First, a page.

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Abusir is a part of necropolis of ancient Memphis, situated midway between Giza and Saqqara, are undoubtedly our best source of information concerning the day-to-day functioning of Old Kingdom pyramid complexes. At least four fifth-dynasty pharaohs (Sahure, Neferirkare, Neferefre, and Neweserre) chose Abusir as the location for their funerary monuments. The ancient names given to their pyramids were The Ba Of Sahure Rises ; Neferirkare Has Become A Ba ; The Bas Of Neferefre Are Divine, and The Places Of Neweserre Are Enduring. In addition to these four pyramids, there was an unfinished complex at the northeastern end of the site that may have belonged to Neferirkare's ephemeral successor, Shepseskare. In 1838, the pyramids of Sahure, Neferirkare, and Neweserra were first surveyed and partially cleared by John Perring, who reached the burial chamber of Sahura, finding only part of a basalt sarcophagus. Five years later, the pioneering German Egyptologist Richard Lepsius undertook further survey work at Abusir. His compatriot Ludwig Borchardt fully excavated the three funerary complexes between 1902 and 1908. On the west from pyramid of Khentkawes II there is field of mastabas from V Dynasty, mastabas of Khekeretnebty, Hedjetnebu, Mernefu, Neserkauhor, Idu and Khenit.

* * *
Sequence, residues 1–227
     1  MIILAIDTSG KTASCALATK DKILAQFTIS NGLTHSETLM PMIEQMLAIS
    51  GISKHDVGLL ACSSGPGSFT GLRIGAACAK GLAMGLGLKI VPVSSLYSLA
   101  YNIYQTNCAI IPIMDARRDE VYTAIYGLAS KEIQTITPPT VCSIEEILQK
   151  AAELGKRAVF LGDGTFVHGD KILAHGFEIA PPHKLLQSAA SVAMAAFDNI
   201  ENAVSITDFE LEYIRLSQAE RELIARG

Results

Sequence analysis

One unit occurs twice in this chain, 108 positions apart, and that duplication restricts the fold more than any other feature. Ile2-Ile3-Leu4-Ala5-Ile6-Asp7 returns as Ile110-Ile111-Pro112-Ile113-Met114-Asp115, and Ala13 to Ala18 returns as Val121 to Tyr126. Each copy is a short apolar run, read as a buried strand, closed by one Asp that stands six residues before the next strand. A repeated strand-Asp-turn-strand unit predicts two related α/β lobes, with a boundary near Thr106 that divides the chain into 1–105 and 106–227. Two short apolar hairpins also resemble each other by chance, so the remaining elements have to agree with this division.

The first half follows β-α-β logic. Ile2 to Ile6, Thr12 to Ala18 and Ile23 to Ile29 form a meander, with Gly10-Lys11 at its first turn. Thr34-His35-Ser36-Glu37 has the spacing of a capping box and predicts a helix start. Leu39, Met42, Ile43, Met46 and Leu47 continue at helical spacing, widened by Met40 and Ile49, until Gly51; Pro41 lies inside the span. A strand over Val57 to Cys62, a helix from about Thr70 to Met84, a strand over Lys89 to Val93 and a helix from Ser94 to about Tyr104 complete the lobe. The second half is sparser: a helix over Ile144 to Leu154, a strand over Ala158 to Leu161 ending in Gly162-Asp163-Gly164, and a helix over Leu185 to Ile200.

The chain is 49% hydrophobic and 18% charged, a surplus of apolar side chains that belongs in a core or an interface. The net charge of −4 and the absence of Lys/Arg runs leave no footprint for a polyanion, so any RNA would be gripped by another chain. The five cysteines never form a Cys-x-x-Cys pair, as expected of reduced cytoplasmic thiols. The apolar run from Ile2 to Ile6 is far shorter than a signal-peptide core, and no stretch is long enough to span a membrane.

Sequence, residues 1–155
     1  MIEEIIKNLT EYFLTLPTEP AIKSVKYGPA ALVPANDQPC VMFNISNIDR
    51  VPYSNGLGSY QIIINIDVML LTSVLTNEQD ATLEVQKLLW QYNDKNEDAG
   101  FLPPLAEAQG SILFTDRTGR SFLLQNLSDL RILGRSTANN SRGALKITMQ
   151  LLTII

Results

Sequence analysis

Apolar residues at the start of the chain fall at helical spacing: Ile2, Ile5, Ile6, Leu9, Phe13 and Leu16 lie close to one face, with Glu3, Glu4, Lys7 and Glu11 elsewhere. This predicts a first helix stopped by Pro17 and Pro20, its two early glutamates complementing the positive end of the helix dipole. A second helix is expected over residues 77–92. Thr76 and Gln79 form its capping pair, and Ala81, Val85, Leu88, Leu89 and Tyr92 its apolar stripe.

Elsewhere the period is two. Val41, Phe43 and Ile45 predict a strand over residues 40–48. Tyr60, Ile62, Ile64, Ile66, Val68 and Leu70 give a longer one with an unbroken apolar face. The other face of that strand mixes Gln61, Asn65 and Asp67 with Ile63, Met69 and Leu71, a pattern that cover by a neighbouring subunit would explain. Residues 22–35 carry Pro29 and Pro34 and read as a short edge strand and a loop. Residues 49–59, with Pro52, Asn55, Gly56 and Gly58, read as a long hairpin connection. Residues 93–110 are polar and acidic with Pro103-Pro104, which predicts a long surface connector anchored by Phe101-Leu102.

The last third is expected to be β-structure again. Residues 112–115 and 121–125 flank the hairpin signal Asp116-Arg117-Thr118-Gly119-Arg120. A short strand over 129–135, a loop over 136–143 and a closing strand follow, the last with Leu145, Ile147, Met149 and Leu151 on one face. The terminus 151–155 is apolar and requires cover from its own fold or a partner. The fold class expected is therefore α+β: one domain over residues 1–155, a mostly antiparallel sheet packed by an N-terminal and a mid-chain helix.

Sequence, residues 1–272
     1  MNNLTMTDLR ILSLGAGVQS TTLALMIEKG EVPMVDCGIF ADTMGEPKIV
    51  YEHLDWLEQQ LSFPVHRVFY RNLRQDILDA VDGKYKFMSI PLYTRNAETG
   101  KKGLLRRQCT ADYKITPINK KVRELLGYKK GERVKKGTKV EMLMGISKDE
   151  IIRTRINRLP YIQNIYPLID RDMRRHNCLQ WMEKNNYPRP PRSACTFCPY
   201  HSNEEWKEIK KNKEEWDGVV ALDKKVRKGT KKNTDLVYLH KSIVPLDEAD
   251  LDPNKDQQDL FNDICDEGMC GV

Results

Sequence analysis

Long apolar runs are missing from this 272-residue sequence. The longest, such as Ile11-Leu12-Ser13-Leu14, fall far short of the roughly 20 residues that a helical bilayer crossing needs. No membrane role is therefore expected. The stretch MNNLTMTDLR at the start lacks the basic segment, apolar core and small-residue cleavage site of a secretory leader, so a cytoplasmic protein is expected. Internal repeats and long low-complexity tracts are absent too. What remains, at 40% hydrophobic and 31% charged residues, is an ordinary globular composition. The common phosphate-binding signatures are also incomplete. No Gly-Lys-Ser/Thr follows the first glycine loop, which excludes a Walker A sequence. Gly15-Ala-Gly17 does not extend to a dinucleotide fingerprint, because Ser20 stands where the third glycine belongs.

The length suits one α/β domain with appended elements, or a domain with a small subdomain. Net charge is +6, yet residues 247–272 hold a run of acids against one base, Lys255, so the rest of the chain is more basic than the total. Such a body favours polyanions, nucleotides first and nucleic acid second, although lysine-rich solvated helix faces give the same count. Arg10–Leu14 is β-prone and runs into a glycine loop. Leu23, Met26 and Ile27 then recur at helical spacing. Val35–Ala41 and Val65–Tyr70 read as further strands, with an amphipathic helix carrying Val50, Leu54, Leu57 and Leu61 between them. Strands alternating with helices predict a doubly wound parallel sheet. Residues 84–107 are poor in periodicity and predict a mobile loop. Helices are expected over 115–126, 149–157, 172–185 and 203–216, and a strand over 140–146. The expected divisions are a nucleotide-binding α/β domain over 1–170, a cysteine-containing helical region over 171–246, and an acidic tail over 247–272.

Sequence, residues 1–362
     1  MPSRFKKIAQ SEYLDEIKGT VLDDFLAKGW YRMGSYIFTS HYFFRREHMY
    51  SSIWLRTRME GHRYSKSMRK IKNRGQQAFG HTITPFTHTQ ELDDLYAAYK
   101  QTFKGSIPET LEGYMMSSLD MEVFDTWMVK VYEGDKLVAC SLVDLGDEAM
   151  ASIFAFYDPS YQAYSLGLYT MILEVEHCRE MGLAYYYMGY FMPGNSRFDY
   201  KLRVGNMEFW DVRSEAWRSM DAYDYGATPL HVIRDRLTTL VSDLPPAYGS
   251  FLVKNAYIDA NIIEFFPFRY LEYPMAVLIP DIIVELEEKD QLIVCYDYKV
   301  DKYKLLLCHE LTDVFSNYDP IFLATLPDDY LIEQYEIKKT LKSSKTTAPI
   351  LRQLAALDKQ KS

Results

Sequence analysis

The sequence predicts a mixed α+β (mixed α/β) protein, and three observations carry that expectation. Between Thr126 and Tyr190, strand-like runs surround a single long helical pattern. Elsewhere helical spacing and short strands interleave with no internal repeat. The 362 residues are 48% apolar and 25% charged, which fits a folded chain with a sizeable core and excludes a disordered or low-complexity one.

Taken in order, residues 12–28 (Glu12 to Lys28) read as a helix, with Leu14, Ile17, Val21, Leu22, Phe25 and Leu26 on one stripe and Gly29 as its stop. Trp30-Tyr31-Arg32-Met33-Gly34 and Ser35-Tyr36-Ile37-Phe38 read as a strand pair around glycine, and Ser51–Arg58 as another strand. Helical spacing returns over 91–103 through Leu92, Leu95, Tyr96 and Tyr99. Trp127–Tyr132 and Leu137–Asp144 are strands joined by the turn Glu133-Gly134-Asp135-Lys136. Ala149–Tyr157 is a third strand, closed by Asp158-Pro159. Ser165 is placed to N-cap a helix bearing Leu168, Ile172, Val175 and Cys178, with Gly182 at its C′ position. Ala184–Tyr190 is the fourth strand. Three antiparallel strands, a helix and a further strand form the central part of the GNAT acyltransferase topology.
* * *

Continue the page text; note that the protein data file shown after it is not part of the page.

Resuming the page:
pyramid of Neferirkare relief depicted Ptahshepses at his mastaba


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